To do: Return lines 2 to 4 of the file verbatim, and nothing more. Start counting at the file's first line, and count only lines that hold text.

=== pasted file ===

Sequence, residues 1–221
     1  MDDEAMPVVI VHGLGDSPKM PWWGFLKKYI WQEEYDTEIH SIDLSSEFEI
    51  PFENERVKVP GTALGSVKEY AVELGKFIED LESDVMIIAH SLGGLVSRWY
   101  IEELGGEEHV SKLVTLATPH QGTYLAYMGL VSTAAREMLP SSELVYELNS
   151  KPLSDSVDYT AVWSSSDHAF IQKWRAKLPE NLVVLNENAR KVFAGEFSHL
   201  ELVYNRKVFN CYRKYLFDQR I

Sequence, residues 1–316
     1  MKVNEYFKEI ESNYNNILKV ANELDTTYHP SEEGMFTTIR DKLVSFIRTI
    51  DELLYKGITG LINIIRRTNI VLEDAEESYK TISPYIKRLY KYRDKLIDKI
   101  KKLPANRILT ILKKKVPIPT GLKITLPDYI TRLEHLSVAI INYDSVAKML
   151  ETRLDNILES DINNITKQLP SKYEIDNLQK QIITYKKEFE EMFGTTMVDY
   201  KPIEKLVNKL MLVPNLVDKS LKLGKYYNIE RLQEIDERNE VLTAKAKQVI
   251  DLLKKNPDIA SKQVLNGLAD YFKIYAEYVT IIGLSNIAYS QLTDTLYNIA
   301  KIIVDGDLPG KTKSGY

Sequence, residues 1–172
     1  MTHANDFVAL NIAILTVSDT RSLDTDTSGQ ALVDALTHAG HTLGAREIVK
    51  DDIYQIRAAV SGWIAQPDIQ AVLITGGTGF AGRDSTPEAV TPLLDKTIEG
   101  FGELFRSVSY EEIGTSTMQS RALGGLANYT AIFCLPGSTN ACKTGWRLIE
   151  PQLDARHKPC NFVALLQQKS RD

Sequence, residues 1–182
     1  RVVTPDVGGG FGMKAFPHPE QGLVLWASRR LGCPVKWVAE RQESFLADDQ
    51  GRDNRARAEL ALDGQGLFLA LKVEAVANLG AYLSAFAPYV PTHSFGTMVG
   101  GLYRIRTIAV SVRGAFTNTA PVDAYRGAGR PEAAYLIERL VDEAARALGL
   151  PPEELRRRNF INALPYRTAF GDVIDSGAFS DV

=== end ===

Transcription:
     1  MDDEAMPVVI VHGLGDSPKM PWWGFLKKYI WQEEYDTEIH SIDLSSEFEI
    51  PFENERVKVP GTALGSVKEY AVELGKFIED LESDVMIIAH SLGGLVSRWY
   101  IEELGGEEHV SKLVTLATPH QGTYLAYMGL VSTAAREMLP SSELVYELNS